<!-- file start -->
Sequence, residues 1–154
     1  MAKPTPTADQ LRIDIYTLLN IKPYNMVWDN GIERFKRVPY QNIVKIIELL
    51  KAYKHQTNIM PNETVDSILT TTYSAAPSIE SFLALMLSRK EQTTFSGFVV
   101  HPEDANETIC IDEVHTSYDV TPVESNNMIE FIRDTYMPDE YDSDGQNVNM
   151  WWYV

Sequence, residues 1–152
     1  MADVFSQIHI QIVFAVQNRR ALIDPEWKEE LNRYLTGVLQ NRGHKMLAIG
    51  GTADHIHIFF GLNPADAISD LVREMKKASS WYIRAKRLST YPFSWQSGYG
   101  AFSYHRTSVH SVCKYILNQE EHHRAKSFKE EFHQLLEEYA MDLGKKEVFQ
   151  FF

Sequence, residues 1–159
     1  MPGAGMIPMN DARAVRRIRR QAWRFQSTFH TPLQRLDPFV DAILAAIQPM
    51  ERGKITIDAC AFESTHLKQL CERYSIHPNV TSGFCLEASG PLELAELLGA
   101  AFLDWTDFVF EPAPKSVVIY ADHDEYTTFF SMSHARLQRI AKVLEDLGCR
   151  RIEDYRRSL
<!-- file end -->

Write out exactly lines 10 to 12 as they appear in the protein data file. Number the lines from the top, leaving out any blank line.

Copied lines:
   151  FF

Sequence, residues 1–159
     1  MPGAGMIPMN DARAVRRIRR QAWRFQSTFH TPLQRLDPFV DAILAAIQPM